We were driving home from preschool when my daughter Marilee—four years old at the time—asked, “Momma, are all Indians mean?”
I paused the audiobook version of Laura Ingalls Wilder’s Little House on the Prairie and reminded myself that she’s just a kid asking an honest question. After inquiring about her perspective, I replied, “All people have kindness in their hearts, and all people have meanness in their hearts. But why do you ask if the Indians are mean?”
“Because they seem mean in the book,” she said.
My seven-year-old son, William, chimed in with a short synopsis of American history and western expansion, then wrinkled his forehead, and said, “Mom, it’s not fair if the government keeps making the Indians move. It seems really selfish.”
I nodded my head. “It was selfish, William.”
Our conversation underscored an uncomfortable truth: I cannot defend the decision—by Pa Ingalls or anyone else, including our own distant relatives—to settle the East and then push west at the cost of decimating native peoples. I also don’t want to pretend that these stories we have grown to love portray a pure or unadulterated past.
When I first realized that these stories could perpetuate a myth of white American conquest, I considered leaving them behind. Instead, they have become a way to enter into our history—the glory and the shame of it, the complicated, messy, ugly, selfish, and sometimes beautiful humanity of it all.
For kids’ sake, adults often curate the details of the past—whether it’s the history of white settlers and Native Americans, the facts about slavery and race relations, narratives from the Bible, or family histories that contain stories of heartache and pain. Curating is part of parenting. But how do we do it, exactly? How do we talk about human history—both the evil and the good—as our kids come of age? When do we tell the unadorned truth, and when do we filter?
For our family, the Ingalls’ story has been a catalyst for asking these questions. In light of our children’s fascination with the Little House on the Prairie series, I was eager to understand the story behind the stories. Caroline Fraser’s new book, Prairie Fires: The American Dreams of Laura Ingalls Wilder offers a carefully researched, accessibly written biography of Wilder and her social and historical context.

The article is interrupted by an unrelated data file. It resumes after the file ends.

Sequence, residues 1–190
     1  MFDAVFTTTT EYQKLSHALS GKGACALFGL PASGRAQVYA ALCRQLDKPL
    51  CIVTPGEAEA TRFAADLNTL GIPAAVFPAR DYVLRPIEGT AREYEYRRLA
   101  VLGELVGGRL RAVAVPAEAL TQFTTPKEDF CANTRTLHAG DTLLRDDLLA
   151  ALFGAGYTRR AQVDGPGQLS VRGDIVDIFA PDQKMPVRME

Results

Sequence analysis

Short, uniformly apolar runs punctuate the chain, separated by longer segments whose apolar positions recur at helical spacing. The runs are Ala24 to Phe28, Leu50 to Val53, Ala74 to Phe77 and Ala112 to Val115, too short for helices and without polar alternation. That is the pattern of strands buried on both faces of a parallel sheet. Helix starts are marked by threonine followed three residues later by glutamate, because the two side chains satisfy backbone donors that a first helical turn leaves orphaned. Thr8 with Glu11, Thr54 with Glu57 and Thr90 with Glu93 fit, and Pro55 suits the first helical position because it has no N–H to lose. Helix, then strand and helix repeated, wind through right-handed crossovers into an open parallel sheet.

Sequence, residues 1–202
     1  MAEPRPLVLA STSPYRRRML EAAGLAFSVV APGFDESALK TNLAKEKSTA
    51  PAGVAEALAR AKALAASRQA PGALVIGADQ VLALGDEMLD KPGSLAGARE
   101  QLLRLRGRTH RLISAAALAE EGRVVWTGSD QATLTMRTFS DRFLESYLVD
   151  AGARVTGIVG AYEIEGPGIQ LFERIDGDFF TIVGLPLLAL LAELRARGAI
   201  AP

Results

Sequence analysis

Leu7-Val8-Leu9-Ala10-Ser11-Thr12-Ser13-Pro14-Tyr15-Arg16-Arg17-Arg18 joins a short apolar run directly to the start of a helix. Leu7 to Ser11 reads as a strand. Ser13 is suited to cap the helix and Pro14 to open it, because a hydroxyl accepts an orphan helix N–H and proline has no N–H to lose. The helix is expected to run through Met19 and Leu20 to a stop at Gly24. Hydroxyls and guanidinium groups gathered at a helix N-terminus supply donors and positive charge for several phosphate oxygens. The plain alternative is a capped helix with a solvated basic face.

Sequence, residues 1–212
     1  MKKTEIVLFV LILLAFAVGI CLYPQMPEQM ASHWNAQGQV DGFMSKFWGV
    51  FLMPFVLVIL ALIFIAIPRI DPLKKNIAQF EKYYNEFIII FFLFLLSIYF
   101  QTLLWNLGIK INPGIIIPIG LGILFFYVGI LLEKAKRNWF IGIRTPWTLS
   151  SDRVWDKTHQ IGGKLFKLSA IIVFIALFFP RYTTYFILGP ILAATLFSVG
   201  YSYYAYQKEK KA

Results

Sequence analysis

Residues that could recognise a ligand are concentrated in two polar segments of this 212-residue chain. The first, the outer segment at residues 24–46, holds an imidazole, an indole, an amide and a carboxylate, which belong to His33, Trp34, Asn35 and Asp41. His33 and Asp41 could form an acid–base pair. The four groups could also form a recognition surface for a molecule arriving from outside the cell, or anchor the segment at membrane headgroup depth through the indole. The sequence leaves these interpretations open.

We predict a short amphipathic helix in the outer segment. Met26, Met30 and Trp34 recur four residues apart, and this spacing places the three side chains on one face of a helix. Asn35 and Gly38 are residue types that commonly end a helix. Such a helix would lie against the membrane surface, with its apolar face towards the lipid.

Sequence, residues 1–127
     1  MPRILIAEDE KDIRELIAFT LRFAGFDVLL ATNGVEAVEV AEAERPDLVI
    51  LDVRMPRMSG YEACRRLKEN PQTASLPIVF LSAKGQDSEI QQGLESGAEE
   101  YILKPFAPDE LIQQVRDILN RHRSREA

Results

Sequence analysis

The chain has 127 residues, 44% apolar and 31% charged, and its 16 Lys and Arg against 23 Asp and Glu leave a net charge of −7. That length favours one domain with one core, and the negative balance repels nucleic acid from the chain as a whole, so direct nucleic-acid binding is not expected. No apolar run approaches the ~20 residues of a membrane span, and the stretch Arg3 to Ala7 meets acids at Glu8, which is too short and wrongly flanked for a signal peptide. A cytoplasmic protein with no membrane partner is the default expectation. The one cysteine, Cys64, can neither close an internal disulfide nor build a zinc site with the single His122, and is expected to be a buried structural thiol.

One of Fraser’s central questions is the veracity of Wilder’s books. In what ways were the books fictionalized versions of reality? How did Wilder edit—whether to sanitize or sensationalize—her past? And what effect did that editing have, not only on the children who read the books, but, in light of their spectacular and enduring popularity, on the American people as a whole?
“As unpublished manuscripts, letters, and documents have come to light, we have begun to apprehend the scope of [Wilder’s] life, a story that needs to be fully told, in its historical context, as she lived it,” writes Fraser. “That tale is different from the one she wrote. It is an adult story of poverty, struggle, and reinvention—a great American drama in three acts.”
In the biography, Fraser uses meticulous research of various historical records to point out the discrepancies, omissions, and inconsistencies in the Little House books. We learn that Wilder amended some details simply to serve a larger narrative purpose. But she also left out much of the hardship of her life. For instance, she never mentions the birth of her baby brother and his subsequent death, nor does she detail the discovery that her community’s beloved Reverend Alden was convicted of embezzling church funds.
According to Fraser, Wilder fails to portray the brutal reality of her family’s economic vulnerability. She paints a picture of an American Dream—one that was never actually realized—and overlooks the plight of the small farmer who could never succeed without the government policy, regulation, and assistance that Wilder disdained. Writes Fraser, “Throughout the whole series, [Wilder’s] emphasis on her parents’ finest qualities built the illusion—the ideal—of the yeoman farmer, able to sustain a family on the homestead, raising something from nothing.”
Fraser’s critique is compelling in many ways, and yet it fails to grapple with one important fact: that Wilder wrote her books both from the perspective of a child and for readers who are themselves children. While kids are sometimes forced to reckon with the brutal realities of a broken world, adults also have a role to play in introducing them to that brokenness.